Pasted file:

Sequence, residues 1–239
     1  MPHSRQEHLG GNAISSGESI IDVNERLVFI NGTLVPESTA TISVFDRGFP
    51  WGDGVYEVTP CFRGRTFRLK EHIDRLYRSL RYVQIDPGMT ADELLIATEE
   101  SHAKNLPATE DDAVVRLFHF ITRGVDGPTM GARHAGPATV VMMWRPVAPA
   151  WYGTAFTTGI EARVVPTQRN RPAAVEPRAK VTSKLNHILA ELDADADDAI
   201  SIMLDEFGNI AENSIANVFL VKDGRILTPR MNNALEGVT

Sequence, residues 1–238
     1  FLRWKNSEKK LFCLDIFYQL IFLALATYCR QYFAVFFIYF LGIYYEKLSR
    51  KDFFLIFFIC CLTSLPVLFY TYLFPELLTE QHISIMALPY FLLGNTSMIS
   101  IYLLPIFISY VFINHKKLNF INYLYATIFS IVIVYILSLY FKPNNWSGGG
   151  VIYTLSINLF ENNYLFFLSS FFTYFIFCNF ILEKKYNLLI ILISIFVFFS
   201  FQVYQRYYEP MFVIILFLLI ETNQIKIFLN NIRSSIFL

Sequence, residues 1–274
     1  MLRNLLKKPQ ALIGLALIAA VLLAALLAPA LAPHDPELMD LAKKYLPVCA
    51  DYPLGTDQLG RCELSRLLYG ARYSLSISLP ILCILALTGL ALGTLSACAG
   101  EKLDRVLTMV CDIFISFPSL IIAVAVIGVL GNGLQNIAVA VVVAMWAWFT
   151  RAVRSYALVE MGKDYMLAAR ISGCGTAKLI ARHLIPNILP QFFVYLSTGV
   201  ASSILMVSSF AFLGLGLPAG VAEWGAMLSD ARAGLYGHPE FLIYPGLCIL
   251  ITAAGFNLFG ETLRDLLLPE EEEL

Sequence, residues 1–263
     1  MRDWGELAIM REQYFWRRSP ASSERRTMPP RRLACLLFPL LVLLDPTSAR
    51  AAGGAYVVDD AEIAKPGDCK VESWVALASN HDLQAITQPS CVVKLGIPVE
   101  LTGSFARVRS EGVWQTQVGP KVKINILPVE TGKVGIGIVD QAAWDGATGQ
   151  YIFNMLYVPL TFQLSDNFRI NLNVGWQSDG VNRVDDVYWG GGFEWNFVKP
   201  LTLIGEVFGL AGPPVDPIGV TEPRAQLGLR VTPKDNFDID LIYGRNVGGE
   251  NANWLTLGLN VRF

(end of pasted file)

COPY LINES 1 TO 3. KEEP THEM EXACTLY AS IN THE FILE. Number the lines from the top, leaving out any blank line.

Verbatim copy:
Sequence, residues 1–239
     1  MPHSRQEHLG GNAISSGESI IDVNERLVFI NGTLVPESTA TISVFDRGFP
    51  WGDGVYEVTP CFRGRTFRLK EHIDRLYRSL RYVQIDPGMT ADELLIATEE